[Coral-List] Two news stories about coral reefs
sfrias_torres at hotmail.com
Fri Aug 19 14:23:10 EDT 2016
I agree with your assessment. We know what to do to save coral reefs and other ecosystems on Earth.
Yet, we, humans, are not doing what must be done.
Coral-Listers can feel devastated when confronted with the hard truth. We get the Cassandra complex, condemned to foresee what is to come, what we must do to avoid it, while nobody listens, nobody cares, or at least not enough people of the 7 billion and counting cares enough to change.
I don't have a magic wand to fix the problem at once. In dark times like this, I remember the African hummingbird story.
There's a great short video, from Dirt! The Movie where Wangari Maathai tells the hummingbird tale.
So I'll be a hummingbird, and I'll do what I can.
Sarah Frias-Torres, Ph.D.
From: coral-list-bounces at coral.aoml.noaa.gov <coral-list-bounces at coral.aoml..noaa.gov> on behalf of Phil Dustan <dustanp at cofc.edu>
Sent: Friday, August 19, 2016 1:49 PM
To: Robert Bourke
Cc: coral list
Subject: Re: [Coral-List] Two news stories about coral reefs
The elephant in the room is really 7 billion people on the
planet......and no one wants to talk about it as though it would be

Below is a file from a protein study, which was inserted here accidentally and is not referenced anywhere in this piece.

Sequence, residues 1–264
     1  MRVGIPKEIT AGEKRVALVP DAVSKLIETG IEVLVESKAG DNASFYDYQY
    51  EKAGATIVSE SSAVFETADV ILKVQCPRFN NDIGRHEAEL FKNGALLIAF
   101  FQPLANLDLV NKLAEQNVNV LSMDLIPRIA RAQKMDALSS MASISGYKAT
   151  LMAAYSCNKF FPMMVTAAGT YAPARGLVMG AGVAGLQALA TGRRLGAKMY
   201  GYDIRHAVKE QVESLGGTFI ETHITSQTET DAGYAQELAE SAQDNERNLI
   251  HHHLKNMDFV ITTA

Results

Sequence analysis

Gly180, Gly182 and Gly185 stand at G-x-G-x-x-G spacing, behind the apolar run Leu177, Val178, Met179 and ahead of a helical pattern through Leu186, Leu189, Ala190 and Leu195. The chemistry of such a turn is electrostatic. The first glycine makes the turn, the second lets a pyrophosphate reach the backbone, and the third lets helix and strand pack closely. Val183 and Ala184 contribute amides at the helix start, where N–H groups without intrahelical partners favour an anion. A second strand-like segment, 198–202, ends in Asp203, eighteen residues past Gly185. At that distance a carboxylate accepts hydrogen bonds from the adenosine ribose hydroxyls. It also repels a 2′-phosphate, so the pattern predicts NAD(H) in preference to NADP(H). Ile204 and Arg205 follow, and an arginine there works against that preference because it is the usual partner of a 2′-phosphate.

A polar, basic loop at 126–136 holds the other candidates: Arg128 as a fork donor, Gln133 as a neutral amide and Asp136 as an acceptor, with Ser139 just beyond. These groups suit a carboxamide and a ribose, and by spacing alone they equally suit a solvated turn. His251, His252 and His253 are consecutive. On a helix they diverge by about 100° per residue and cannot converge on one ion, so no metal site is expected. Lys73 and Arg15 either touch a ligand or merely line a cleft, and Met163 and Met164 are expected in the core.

upsetting some moral taboo. The rest of it - coal, methane, carbon, sea
level etc is a consequence not real drivers.....The Club of Rome had it
spot on in the 1970's........
NOAA is too politically greedy, large NGO's have become corporate, the
diving industry is making too much money pushing into new territories after
their customers trash the last place, Wreck diving is replacing reef diving
in the Florida Keys 'cause the reefs are dead........Oh, and scientists
keep asking for more money for "research".
Ecology is really a local sport with local actors - just all over the
planet. We don't need more research, more monitoring, or more
technology...We know the basic principles now and how to put them in place.
We need people to change their behaviors, reproduce with longer generation
times, eat a different diet, and to distribute wealth more equitably.
But all that is too much to ask of the human race so we have situation
like the GBR, Florida Keys, Bahamas, Jamaica, Philippines, etc.......all
over the planet. Our reproductive success is really the driver behind it
And the destruction is accelerating as in Bali this past year:
All the best,
On Thu, Aug 18, 2016 at 11:23 PM, Robert Bourke <rbourke at oceanit.com> wrote:
> Doug & All;
> The discussion concerning saving Australia's Great Barrier Reef
> ignores the elephant in the room.
> At the recent coral reef conference we all listened to numerous
> papers placing much of the blame for the decline of the Great Barrier Reef
> upon two key factors 1) sediment turbidity from agriculture and mining
> operations, and 2) global warming.
> Nobody mentioned the fact that last year (2015) Australia mined and shipped
> 150,000,000,000 kg
> of coal, primarily to China. China imports about
> 190,000.000.000 kg per year - primarily from Indonesia and
> Why does the government allow this to happen? Because coal exports make up
> about 15% of Australia's GDP (~1 Billion $) and there is no comparable
> measure of the value of the GBR against which to balance the economic and
> social welfare from these two sources.